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The Here and Now Podcast Series on Language

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The Here and Now Podcast
All of the episodes of the H&N podcast's multipart series on language. Continue Reading >> All of the episodes of the H&N podcast's multipart series on language. << Show Less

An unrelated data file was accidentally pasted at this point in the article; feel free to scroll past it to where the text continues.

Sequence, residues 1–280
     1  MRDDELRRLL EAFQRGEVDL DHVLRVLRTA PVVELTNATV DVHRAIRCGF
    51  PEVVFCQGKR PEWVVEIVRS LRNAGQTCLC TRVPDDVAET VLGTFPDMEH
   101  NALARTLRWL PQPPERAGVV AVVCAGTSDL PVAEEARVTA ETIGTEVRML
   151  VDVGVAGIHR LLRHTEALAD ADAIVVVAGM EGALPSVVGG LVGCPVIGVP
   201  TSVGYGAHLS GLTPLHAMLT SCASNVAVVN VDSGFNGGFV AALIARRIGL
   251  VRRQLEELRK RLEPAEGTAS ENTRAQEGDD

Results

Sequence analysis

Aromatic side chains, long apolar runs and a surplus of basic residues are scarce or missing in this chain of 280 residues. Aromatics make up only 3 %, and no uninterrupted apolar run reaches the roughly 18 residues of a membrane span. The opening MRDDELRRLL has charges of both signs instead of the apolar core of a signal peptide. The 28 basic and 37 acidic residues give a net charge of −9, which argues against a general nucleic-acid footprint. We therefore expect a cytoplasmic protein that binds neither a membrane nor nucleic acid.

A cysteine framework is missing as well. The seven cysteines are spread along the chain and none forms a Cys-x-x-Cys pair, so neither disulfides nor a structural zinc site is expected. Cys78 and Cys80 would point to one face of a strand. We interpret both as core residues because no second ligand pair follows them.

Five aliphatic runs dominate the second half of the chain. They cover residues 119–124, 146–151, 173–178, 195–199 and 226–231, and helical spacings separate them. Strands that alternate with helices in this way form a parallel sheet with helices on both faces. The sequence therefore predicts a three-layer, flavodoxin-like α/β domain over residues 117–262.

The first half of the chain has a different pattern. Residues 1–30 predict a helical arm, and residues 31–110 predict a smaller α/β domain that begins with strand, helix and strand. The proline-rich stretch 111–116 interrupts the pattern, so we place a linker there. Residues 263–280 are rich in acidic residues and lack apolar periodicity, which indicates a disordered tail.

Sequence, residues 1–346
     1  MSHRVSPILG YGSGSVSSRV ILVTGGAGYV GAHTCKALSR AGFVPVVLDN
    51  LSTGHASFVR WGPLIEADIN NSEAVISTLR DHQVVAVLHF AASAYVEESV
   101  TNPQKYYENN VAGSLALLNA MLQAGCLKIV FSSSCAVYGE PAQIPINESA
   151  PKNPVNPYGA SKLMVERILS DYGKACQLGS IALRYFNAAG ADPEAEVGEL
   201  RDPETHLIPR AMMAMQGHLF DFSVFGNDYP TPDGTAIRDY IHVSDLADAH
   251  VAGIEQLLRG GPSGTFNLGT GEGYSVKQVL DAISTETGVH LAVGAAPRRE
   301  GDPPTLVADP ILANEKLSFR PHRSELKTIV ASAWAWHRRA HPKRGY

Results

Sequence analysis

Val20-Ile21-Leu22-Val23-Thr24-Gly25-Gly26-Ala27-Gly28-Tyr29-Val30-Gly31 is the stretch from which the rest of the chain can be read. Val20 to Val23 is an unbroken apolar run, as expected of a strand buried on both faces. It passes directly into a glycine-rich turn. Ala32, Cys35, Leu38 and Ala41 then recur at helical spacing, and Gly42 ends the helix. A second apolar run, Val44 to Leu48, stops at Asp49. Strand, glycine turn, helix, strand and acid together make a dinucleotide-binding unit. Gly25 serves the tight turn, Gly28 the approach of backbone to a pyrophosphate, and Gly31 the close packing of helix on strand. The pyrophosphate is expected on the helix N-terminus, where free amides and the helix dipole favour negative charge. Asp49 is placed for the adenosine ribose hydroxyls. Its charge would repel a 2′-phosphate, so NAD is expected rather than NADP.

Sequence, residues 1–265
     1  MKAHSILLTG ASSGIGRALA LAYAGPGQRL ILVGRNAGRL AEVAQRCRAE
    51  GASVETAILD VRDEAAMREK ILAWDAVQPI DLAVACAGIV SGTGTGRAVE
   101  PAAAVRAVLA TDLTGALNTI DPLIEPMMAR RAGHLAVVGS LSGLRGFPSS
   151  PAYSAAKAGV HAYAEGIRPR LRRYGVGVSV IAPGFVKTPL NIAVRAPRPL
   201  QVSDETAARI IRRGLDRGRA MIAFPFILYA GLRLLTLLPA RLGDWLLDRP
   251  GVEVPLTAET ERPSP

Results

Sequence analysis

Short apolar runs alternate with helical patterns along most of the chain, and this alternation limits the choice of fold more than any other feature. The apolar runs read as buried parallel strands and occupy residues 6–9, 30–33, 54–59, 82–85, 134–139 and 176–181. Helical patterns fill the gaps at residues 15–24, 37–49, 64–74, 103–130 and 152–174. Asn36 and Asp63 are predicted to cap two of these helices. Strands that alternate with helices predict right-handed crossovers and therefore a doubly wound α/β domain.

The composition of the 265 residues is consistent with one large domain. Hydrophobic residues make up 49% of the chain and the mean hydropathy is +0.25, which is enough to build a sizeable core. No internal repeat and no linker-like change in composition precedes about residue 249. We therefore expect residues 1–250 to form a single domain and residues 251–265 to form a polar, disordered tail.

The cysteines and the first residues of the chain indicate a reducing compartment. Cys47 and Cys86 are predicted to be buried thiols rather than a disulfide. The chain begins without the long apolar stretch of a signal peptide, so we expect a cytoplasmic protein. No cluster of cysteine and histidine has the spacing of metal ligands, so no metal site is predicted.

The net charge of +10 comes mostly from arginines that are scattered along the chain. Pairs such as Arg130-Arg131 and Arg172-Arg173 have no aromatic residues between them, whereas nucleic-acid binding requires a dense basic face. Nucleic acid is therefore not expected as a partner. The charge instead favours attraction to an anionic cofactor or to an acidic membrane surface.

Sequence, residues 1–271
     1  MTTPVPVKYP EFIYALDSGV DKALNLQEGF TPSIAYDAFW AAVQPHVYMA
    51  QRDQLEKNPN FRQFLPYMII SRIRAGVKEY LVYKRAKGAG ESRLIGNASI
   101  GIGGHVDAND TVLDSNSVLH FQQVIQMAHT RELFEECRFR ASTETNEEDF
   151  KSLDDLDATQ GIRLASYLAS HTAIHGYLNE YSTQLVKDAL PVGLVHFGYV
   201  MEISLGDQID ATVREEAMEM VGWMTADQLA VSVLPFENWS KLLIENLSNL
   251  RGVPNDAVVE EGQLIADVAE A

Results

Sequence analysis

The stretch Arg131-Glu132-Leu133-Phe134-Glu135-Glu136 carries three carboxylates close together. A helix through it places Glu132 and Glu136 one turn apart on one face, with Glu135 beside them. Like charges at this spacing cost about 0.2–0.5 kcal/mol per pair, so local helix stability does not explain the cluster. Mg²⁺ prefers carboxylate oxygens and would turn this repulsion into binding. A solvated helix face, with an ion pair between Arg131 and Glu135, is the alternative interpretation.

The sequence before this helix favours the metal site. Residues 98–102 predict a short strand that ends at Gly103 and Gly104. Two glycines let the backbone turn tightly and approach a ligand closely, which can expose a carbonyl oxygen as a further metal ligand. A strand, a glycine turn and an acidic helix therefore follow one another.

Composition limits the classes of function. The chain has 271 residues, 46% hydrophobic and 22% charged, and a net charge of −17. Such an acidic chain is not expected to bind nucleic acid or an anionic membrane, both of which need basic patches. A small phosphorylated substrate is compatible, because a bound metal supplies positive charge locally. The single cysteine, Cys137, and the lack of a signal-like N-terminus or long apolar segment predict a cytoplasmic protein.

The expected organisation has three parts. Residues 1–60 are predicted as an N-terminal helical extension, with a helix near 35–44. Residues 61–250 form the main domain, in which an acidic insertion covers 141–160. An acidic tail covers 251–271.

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Language I - The Questions Is there a quality which is more uniquely human than language? The domain of language is vast and complex and involves many disciplines. In this series we will explore many of the big questions of language. We will cover a range of topics from evolution, biological, linguistics, anthropology, psychology and philosophy in our search for answers and a deeper understanding of what language is, where it came from, and how it functions in society.In this first episode of the series, I introduce the topic of language, raise several questions and attempt to understand what language is. We also take our first tentative steps toward answering the big question: how did language emerge in homo sapiens?Show notes and further readingLanguage – Collins Online DictionaryGenesis Chapter 11, verses 1 - 9Talking the Talk: Language Psychology and Science – Trevor Harley (2017)Daniel EverettHow Language Began – Daniel Everett (2017)A Basic Course in Anthropological Linguistics – Marcel Danesi (2004)Max MüllerOn the origin of species – Charles Darwin (1859)Psamtik I and the babies talk of breadKing James IV and the island experiment – BBC HistoryThe Here and Now Podcast on Facebook The Here and Now Podcast on Twitter Send me an emailSupport the show (https://www.patreon.com/thehereandnowpodcast)